Science, Creativity, and Imagination (and the Earth)

by Catherine Ramsdell

20 March 2017

Earth partners something even more unlikely than pumpkin and coffee or Nutella and bacon: an English professor and a planetary scientist.
 
cover art

Earth

(Bloomsbury)
US: Mar 2017

Earth, written by Jeffrey Jerome Cohen and Linda T. Elkins-Tanton, is part of Bloomsbury Academic’s Object Lessons series, “a series about the hidden lives of ordinary things.” Other subjects in this series include the egg, the cigarette lighter, and the shipping container. 

I’m not certain I would put the Earth in quite the same category as some of the other objects in this series, but I’m glad series editors Ian Bogost and Christopher Schaberg thought differently—because Earth is a magical, unusual, curious book.

Earth is also like a lot of trendy things these days in that it involves a seemingly unusual pairing. Arguably, Earth partners something even more unlikely than pumpkin and coffee or Nutella and bacon: an English professor (Jeffrey Jerome Cohen) and a planetary scientist (Linda T. Elkins-Tanton). Their letters, texts, along with an occasional Facebook post and a transcript or two create a book that’s more conversation than text which, according to the prologue, is exactly what the authors were hoping for.

Cohen and Elkins-Tanton assure us that “Earth is faithful to the modes in which it was composed. The letters that we sent each other are not fictions. Though revised for coherence and to provide a sense of fullness and completion, the various transcripts, social media updates and instant messages are the actual technologies and genres through which the book was written, not a literary conceit.”

Their letters, as letters tend to do, often open with less than Earthly subjects—a son going to college, health concerns, birthdays, cake. They let us see Cohen and Elkins-Tanton as people—and fun, smart people at that. Because of this, I want little more than to join Elkins-Tanton while she drinks prosecco, eats jelly beans, and corresponds with Cohen about the Earth. 

Many times, these more personal elements do relate back to the titular subject of the book. A son traveling across country to attend college connects to a discussion about time, space and size—none of which can we truly comprehend:  “…then there is length. Time is bad enough, but length, size, volume are also impossible. We have a good sense of the distances we can walk or bicycle and a warped sense of driving. We cannot really comprehend planet-scale processes, cannot really comprehend the size of the Earth…”

Similarly, a recent drought in the western United States is linked to a much larger discussion of the Earth’s water supply. Here the authors discuss the origins of Earth’s water supply, talk about the threat of global warming, compare the “wetness” of Arizona to that of the Moon and Mars, and lament the greenness of pricey golf courses—even during a drought.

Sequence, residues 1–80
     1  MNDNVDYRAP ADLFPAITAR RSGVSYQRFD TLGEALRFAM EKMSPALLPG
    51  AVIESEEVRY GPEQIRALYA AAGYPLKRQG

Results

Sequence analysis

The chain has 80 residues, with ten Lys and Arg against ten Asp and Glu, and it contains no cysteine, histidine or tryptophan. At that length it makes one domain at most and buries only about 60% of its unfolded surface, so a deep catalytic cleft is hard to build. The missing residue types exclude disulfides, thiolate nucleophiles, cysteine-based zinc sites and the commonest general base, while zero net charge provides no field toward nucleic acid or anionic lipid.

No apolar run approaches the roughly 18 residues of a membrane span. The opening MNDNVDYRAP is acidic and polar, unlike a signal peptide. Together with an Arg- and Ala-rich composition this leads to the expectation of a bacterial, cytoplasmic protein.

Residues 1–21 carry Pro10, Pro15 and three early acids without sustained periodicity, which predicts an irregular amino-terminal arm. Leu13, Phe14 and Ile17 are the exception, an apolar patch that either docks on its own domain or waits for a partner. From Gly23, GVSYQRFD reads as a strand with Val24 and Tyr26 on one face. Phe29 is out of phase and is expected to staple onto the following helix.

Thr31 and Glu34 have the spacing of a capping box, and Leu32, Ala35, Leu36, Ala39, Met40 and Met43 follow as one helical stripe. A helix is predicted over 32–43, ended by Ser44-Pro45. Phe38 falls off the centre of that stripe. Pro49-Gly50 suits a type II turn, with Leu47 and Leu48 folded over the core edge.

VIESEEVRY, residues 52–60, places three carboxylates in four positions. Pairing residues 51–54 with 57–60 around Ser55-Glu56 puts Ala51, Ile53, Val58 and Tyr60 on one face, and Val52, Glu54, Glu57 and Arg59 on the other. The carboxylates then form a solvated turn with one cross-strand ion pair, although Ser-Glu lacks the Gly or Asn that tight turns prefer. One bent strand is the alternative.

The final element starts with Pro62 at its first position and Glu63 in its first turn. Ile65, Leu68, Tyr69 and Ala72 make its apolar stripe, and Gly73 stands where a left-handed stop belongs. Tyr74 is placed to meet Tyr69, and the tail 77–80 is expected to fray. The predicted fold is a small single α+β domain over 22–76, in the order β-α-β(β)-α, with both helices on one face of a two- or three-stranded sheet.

There’s a chapter on beauty as well, and this is probably not surprising—a book on the Earth that didn’t talk about the beauty of the planet might seem odd. This chapter is titled “Radiance” and certainly talks about the Earth’s beauty but at times the larger focus seems to be science and the way it’s viewed—in particular looking at the relationship between science and beauty.

Earlier in the book, Elkins-Tanton writes to Cohen: “Scientists do not talk of beauty as much as we might. Beauty is at the center of all we do, though; it is the emotion and response that compels us to study the things we do.” In “Radiance”, these thoughts are expanded. After joking (but at the same time probably not joking) that in academia “pre-tenure scientific faculty do not speak about beauty very much (too personal! irrelevant! soft!)” the discussion becomes more serious:

In a broad sense beauty is the reason we all do what we do, why we choose the field we choose, and what gives us the determination to keep working in the face of discouragements. We do not choose to study the minerals in lava flows because it was an obvious career alternative to the law, we do it because lava is beautiful and the notion of interrogating the untouchable heart of the planet through incandescent molten eruptions appeals to our unconscious understanding of human relations and our place in them.

The discussion of what is (or perhaps what should be considered) scientific doesn’t end with beauty, Cohen and Elkins-Tanton also make connections between science, creativity, and imagination (and the Earth), asking questions like, “Why when it comes to Earth does human imagination luxuriate in beauty but not initiate action and change?” and “Where does the known end and the imagination begin?”

Earth is a tiny book. Not even 150 pages (including illustrations, chapter notes, and the index), it’s slim, and the pages are small—the book not much bigger than my hand. Cohen and Elkins-Tanton describe it as a “little book about an impossibly large subject.” This subject is made even larger by Cohen and Elkins-Tanton’s forays into discussions of beauty, creativity, and imagination (including my favorite question in the book: “Can you die from an overactive imagination?”) and how they connect to science and ultimately this planet. This makes Earth a book that is, ultimately, a testament to what can be discovered if we are brave enough to combine the unexpected.

Earth

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